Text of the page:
A good example is that obviously people would like to know if children playing violent video games has an effect on their attitudes towards real violence as adults. So there’s a large body of research where scientists make adults play a violent video game and then give then a survey afterwards, or a few days later. This obviously tells us nothing about children with years of repeated exposure, but it’s hard to get parents to let you experiment on their kids, and even harder to run a study for ten years, so… We know a lot about adults response to violent video games next week! It’s where the light is!

    It’s common in all sciences, but in medicine it’s more likely to show up in sample sizes and population (it’s easy to get smaller samples, and get them from populations of adults who will do a medical study for a small payment. It’s much harder to do a study on children or elderly people, or on hundreds of people, so they rarely do that.) In the social sciences it’s more likely to be a slight of hand like this one, where some gap is covered up by “lets just pretend that behavior in this situation is the same as behavior in a totally different one.”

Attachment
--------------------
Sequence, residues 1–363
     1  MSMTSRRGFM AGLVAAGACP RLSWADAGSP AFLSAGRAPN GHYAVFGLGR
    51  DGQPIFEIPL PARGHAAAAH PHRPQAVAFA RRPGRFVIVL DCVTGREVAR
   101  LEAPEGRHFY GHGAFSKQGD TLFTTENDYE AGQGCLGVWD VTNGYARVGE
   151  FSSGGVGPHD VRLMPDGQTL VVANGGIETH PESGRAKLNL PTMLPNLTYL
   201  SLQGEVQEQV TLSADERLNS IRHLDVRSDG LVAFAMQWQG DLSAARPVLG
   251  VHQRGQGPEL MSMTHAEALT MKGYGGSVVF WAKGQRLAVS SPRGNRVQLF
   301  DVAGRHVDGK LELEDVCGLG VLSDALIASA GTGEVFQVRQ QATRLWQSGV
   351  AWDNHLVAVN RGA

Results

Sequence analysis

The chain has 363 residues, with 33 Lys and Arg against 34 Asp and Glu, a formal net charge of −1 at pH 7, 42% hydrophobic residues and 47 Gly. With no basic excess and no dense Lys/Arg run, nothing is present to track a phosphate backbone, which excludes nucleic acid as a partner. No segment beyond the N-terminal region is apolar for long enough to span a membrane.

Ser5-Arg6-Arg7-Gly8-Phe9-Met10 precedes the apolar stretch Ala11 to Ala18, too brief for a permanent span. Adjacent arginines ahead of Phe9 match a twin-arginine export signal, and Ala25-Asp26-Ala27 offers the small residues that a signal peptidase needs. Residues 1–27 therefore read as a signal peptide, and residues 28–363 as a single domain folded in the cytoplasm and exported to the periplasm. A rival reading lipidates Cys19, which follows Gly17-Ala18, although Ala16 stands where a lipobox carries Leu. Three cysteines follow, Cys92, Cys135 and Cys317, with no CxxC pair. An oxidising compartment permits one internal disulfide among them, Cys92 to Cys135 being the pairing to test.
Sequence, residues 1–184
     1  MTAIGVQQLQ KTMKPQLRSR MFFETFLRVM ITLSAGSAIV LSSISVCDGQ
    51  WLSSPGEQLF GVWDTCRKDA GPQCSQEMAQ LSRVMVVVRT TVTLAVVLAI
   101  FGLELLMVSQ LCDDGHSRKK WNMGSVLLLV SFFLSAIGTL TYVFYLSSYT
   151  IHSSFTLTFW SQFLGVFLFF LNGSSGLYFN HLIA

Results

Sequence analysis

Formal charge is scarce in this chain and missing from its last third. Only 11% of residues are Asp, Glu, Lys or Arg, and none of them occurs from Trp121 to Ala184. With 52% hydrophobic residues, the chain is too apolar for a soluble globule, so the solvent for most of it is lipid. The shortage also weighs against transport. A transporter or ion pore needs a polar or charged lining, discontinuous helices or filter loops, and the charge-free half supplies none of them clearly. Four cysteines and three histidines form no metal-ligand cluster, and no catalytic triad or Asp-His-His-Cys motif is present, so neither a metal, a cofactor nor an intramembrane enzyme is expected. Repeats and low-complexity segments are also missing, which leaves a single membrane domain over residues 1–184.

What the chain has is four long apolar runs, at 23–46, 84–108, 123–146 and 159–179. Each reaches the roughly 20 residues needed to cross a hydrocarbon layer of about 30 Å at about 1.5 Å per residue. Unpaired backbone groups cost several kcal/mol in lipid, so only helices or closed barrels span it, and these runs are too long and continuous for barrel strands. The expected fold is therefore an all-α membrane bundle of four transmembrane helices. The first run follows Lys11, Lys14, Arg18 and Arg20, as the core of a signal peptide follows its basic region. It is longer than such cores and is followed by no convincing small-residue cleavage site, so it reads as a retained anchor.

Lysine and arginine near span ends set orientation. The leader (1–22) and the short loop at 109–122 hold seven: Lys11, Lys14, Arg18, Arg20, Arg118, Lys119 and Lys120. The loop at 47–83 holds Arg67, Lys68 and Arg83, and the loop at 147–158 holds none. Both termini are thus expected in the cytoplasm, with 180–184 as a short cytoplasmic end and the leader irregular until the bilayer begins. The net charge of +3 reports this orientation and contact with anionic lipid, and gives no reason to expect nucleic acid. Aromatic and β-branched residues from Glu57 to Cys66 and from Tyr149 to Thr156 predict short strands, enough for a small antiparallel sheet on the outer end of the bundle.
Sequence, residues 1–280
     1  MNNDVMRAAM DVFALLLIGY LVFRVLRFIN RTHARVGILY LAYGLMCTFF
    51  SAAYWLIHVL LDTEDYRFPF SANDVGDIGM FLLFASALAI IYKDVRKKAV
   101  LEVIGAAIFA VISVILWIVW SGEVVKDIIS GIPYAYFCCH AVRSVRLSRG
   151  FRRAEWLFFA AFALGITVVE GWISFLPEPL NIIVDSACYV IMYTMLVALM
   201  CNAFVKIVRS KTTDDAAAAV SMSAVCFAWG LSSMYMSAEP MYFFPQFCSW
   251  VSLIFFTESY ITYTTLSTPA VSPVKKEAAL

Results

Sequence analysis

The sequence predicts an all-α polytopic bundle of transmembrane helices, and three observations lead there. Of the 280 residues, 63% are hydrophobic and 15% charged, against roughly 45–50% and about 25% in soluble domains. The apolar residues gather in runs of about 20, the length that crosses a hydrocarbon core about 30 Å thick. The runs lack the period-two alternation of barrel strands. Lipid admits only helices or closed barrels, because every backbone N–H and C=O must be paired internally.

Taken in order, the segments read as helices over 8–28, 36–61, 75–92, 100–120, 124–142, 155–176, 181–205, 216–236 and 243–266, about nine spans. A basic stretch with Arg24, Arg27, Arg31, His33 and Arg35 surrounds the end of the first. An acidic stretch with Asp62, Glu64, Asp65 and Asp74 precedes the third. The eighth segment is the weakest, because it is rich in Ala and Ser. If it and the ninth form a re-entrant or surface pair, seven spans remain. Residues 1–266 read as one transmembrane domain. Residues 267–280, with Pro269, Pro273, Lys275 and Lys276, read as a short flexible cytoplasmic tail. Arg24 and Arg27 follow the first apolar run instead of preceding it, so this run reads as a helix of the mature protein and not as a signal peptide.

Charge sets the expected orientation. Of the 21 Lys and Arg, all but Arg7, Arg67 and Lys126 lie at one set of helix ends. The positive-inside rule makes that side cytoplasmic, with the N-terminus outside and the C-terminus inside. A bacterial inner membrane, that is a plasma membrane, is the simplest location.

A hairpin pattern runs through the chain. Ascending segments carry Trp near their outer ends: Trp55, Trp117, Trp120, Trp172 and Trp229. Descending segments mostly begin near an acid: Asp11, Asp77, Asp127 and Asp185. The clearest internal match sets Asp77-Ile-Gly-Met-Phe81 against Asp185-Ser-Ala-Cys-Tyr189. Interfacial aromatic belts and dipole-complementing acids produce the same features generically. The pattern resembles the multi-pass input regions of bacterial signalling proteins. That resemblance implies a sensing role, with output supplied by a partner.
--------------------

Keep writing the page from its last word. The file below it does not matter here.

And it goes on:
Then the media obviously doesn’t help, because even when researches specifically note how limited their study was, the headline writers at news outlets don’t.

    I have a whole rant on how understanding studies and statistical analysis should be the most important thing being taught to everyone in high school today, and this is a small part of the reason why. This is a well known way of cheating — it has a name! — and it sucks up grant money and spits out uninformed people who think they have “science” on their side.